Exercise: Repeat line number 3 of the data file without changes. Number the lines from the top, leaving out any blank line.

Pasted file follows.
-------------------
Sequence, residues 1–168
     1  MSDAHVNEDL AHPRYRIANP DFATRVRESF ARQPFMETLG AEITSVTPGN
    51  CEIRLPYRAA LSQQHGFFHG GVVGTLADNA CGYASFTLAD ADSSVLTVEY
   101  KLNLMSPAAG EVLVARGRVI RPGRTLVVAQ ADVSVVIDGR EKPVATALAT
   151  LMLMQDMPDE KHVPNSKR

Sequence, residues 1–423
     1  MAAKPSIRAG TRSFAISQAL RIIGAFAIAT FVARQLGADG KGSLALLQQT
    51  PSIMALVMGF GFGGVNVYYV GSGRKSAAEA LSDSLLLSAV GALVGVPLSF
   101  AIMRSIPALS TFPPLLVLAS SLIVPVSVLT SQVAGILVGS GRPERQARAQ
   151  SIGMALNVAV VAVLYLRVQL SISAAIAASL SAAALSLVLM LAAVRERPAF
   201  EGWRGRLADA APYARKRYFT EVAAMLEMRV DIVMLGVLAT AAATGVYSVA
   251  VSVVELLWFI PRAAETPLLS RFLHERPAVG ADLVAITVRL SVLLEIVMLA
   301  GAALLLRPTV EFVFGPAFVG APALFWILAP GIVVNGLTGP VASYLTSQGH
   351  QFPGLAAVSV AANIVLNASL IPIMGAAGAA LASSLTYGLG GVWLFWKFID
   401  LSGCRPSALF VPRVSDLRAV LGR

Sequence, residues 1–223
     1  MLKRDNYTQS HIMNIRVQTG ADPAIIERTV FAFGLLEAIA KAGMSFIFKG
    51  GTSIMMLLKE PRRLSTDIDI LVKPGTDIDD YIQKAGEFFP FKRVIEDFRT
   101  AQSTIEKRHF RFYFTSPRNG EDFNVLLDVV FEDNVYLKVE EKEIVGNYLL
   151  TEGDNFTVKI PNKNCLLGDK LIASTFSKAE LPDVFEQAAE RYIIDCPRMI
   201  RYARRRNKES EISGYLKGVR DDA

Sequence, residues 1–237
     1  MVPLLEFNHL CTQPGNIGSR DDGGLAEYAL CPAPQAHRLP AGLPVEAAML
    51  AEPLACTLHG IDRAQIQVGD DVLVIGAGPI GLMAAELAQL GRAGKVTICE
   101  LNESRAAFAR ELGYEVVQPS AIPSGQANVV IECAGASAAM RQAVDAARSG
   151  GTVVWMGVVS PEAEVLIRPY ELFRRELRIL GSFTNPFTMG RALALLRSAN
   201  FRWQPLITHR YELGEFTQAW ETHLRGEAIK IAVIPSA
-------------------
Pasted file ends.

    51  CEIRLPYRAA LSQQHGFFHG GVVGTLADNA CGYASFTLAD ADSSVLTVEY